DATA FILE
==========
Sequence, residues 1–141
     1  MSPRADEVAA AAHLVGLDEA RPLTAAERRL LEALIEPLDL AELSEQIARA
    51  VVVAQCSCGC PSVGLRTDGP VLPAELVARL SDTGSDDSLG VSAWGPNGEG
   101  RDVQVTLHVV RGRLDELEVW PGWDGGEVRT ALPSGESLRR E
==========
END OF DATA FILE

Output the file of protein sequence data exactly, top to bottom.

Sequence, residues 1–141
     1  MSPRADEVAA AAHLVGLDEA RPLTAAERRL LEALIEPLDL AELSEQIARA
    51  VVVAQCSCGC PSVGLRTDGP VLPAELVARL SDTGSDDSLG VSAWGPNGEG
   101  RDVQVTLHVV RGRLDELEVW PGWDGGEVRT ALPSGESLRR E